In spite of the great trust the Sri Lankan citizens have consistently placed in democracy, especially in elections (of which the Opposition parties had a phobia), they have been continuously disappointed by the type of persons they themselves had elected. Not only did those members of parliament fail to keep what they had promised, but more so, their uncivilized, arrogant behaviour and highly corrupt practices in enriching themselves (such as the robbing of the Central Bank in broad day-light), and their other glaring abuses of power (such as letting free the real culprits of the Easter bomb attacks) had been disgusting to the majority of Sri Lankans, so much so that quite a number of them even opting never to vote again! Things in this regard had deteriorated so much that many citizens have come to believe

that the easiest way to enjoy power and status, and at the same time mint money at one’s will (and that too, often, without any professional qualification or hard work) is to become a member of parliament. In short, people had come to perceive that to be elected to parliament was the easiest way for ‘nobodies’ to become ‘somebodies’. It is in this sense that a vast number of Sri Lankans, both rural and urban, had been longing to see a new political culture, especially among their elected representatives. As is well-known, there has been a clamour in the country for some time now for new faces in our parliament, replacing the hackneyed corrupt and unruly political lot, and thank God, at this election a good number of new faces have been elected who hopefully will not disappoint their electors. At the same time, more than 70 members of the last parliament have been defeated. Another gratifying aspect is the amount of professionals that have been elected. Although the mere fact of being a new face or a professional is no guarantee of decent and ethically respectful politics, at least the voters have placed their trust in the new faces and professionals they had elected, hoping that they would not rob our national assets in aggrandizing themselves as it had been happening in recent decades, thanks to some hooligans and uneducated riff raff entering parliament. The new faces and the professionals, together with two newly formed political parties, the SLPP and the SJB as the main political parties (though both of them still have some corrupt and useless members of the bygone years) in this new parliament, we Sri Lankans now have a good opportunity to re-kindle our hopes for a new political culture in Sri Lanka.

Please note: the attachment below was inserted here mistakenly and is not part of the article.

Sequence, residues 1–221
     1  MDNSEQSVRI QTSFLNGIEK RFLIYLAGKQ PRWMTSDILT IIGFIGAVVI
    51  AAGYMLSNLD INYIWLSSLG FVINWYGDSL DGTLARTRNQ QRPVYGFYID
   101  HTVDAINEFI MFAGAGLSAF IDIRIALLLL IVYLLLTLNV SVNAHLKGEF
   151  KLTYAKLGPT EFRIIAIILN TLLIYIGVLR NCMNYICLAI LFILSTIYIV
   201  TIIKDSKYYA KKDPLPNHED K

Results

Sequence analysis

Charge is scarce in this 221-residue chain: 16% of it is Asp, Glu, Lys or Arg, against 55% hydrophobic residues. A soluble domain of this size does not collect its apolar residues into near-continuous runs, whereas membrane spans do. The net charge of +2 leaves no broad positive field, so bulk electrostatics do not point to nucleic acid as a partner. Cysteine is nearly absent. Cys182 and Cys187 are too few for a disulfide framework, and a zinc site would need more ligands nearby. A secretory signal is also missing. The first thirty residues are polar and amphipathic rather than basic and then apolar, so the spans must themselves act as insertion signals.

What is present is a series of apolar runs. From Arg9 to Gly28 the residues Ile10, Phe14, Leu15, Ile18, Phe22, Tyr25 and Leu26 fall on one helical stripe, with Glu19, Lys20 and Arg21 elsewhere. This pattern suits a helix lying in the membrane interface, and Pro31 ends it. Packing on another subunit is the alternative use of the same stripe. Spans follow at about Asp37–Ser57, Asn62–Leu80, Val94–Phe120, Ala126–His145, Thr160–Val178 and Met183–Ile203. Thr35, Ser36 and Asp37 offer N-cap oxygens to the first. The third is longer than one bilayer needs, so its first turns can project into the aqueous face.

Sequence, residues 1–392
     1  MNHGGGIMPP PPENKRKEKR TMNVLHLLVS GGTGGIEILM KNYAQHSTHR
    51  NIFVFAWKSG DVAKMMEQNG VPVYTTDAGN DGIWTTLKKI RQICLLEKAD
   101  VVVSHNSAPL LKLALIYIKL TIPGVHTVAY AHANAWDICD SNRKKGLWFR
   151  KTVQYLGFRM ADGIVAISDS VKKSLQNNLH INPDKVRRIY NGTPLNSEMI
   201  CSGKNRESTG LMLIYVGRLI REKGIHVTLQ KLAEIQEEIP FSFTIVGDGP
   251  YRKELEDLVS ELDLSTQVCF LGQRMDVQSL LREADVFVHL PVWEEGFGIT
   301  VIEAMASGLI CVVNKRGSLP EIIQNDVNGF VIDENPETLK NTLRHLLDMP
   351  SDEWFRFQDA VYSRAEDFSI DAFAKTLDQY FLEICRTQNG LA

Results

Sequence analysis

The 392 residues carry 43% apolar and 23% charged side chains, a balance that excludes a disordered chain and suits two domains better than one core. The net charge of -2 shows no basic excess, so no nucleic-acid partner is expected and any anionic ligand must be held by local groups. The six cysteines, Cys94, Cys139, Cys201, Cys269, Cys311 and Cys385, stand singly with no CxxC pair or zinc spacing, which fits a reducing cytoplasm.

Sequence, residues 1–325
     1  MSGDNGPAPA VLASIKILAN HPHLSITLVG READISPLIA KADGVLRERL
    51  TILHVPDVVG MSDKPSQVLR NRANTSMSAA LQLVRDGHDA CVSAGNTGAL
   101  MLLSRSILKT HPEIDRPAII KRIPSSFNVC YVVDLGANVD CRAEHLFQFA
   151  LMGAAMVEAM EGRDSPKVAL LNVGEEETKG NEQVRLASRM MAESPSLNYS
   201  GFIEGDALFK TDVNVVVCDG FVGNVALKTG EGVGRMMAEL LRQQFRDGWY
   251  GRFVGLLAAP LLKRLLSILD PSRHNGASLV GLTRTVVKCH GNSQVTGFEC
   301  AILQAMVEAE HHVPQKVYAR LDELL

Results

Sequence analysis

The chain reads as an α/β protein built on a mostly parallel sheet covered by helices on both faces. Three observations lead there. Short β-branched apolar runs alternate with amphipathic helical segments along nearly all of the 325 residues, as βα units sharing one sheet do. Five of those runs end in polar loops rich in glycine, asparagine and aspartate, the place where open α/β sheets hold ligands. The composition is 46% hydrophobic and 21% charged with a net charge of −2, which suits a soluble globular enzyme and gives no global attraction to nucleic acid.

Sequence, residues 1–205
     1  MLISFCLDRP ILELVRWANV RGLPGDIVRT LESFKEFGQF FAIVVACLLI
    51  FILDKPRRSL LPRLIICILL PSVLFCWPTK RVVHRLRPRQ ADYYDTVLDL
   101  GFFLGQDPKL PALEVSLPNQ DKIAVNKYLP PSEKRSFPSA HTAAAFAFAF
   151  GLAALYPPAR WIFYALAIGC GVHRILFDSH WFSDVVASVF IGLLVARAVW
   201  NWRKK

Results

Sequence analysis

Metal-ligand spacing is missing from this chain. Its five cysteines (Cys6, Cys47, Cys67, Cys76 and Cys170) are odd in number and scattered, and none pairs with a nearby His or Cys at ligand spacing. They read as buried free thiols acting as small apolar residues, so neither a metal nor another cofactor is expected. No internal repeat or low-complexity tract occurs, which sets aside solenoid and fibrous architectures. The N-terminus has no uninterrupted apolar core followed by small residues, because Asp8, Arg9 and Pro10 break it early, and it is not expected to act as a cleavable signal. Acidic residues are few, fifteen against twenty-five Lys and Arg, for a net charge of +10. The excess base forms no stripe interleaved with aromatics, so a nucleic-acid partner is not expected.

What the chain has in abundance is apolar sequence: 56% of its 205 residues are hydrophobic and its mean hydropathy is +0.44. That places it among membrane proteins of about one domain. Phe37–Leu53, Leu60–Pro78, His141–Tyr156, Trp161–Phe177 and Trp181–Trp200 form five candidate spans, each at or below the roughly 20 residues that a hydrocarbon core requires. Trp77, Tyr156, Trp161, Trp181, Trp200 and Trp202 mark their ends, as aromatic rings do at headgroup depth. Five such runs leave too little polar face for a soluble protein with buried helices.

A Mandate to change the 19th Amendment/ the Constitution

One of the main mandates asked by the winning SLPP from their General Election platforms had been the request to grant them a two-thirds mandate to change the Constitution, especially to change the disastrous 19th amendment which was hurriedly enacted immediately after the general election in 2015, mainly to keep Mahinda Rajapaksa from coming to office again.

It was so haphazardly drafted with this single intention that even the noble democratic elements that were used to camouflage it (such as the establishment of Independent Commissions) paled into an insignificant horizon. Moreover, the 19th amendment crippled the functioning of that very “yahaplana government” itself, especially in the latter part of that government. The many unprecedented legal knots and riddles with regard to the constitutional matters during the past few years sprang forth mainly from that notorious 19th amendment. Now that the people have given a resounding mandate to change it, the new government should not hesitate to do so as early as possible, but at the same time taking precautions to safeguard those positive aspects of it, such as the establishment of Independent Commissions, and making sure that under the new Constitution, the members appointed to those Commissions be really “independent”.